As COVID-19 cases continue to rise across the U.S., colleges and universities have devised a range of methods for keeping their campuses and surrounding communities safe during the upcoming spring semester. Some higher education institutions plan to continue the alternative academic models implemented in fall 2020, especially the popular hybrid class model. Others have revised traditional course schedules, imposed unique housing policies, and eliminated or reduced student breaks.
As with the fall 2020 semester, colleges are likely to make last minute changes before the spring semester gets underway, according to higher education experts. Others that already announced plans may find themselves forced to reverse course if students returning from winter break bring with them a wave of infections. And, as in the fall, there is the possibility that students will ignore social distancing guidelines by attending parties and other super spreader events once they arrive on campus.
Some institutional leaders began disclosing their plans for spring 2021 early in the fall. The 23-campus California State University system announced in September that all of its classes would remain online through the spring. Other major institutions, including the University of California-Berkeley, Washington State University, and George Washington University, have since followed suit, according to USA Today.
Many have said they will cancel the traditional spring break vacation in the hopes of restricting student travel and to accommodate a condensed class schedule. A number of institutions have dispersed the five days traditionally allotted for a week’s break over the course of the semester instead. Others are limiting the break to as little as one day.
Some schools have issued explicit restrictions when it comes to travel. Yale University has allotted students five days free from classes over the course of the semester, but undergraduates are forbidden from leaving the state on their days off without special permission.
Many institutions hope to discourage students from traveling by encouraging them to consider their days off not as vacation time but as “reading days,” as in the case of the University of South Carolina, or simply “break days,” as Purdue University has labeled them. At American University (AU), spring break has been changed to “Wellness Week” to encourage students to use their free time to relax and practice self-care.
AU is also one of the many colleges throughout the U.S. that have transformed campus housing policies. Though the university’s residence halls will be closed during the first half of the semester, 1,250 students will be allowed to move into dorms during Wellness Week in March and stay through the end of the semester. Priority has been given to freshmen so that they can have some of the traditional college experience, albeit while staying in single rooms and practicing social distancing.
Another popular option for spring is to condense the semester by starting late and, in some cases, ending early. This is designed to limit the amount of time that campuses are open during colder months and the traditional flu season. It also provides for a longer window of time between holiday gatherings and the return to campus. Other colleges are beginning classes online according to a traditional schedule but opening campus at a later date.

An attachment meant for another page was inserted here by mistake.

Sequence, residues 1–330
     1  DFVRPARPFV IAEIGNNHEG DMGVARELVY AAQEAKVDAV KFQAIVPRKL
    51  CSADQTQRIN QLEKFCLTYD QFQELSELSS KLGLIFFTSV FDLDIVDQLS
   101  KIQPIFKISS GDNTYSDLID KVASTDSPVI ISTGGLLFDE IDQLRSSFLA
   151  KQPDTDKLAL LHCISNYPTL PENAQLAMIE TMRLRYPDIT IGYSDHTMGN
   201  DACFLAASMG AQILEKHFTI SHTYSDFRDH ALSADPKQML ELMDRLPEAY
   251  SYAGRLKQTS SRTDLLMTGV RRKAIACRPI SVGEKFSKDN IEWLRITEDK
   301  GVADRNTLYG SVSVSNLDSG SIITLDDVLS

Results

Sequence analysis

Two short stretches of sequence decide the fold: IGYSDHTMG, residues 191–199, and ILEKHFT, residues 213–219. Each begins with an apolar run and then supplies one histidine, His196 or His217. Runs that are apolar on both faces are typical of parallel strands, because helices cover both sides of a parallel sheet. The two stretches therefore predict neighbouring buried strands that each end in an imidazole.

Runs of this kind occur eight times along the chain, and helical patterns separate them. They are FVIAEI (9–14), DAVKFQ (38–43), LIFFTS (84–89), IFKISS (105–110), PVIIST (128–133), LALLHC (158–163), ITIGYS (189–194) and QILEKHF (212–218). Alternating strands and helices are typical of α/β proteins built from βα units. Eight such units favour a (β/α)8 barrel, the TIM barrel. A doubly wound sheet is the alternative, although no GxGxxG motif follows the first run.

Though the idea of late starts and canceled spring break is growing across higher education, there is no consensus on the exact timeline. Middlebury College in Vermont, for example, will not open campus until March 1, while others will delay only until the end of January, according to USA Today.
Some opted not to finalize their spring schedules until the end of winter break; others remain uncertain amid changes in local infection rates.
A recent analysis by The New York Times illustrates what could affect how colleges determine the benefits versus the risks of opening campuses.
The analysis, released on December 12, shows that COVID-19 deaths are higher in counties with large numbers of college students. The newspaper looked at 203 counties where students made up at least 10 percent of the population and found that death rates had more than doubled in these areas since the end of August. By comparison, the rest of the country experienced only a 58 percent increase in deaths over the same time period. Most of the deceased were older residents and community members, which suggests that young college students.— who are likely to experience no or mild symptoms if infected — were unknowingly transmitting the virus to vulnerable populations in surrounding communities. The Times noted that many students work in off-campus service and health care jobs, which could increase their exposure to the general public and the elderly or ill.
Furthermore, some college and university administrators are already under pressure from governmental leaders and public health officials to reverse plans to reopen campuses, even if intending to use a hybrid course model or impose other restrictions. On December 16, Pennsylvania Acting Secretary of Education Noe Ortega urged institutions in his state to delay the start of the semester due to a significant increase in coronavirus cases and “another surge expected to peak in January,” according to The Pittsburgh Tribune-Review.
“We are seeing an alarming increase in COVID-19 cases and hospitalizations, and these trends are expected to worsen in January at the time when students normally return to campus,” Ortega said in a statement. “By delaying students’ return to campus, our institutions of higher learning can help slow the spread of the virus, help businesses to remain open, and protect regional health care systems.”●
Erik Cliburn is a senior staff writer for and Mariah Bohanon is the senior editor of INSIGHT Into Diversity.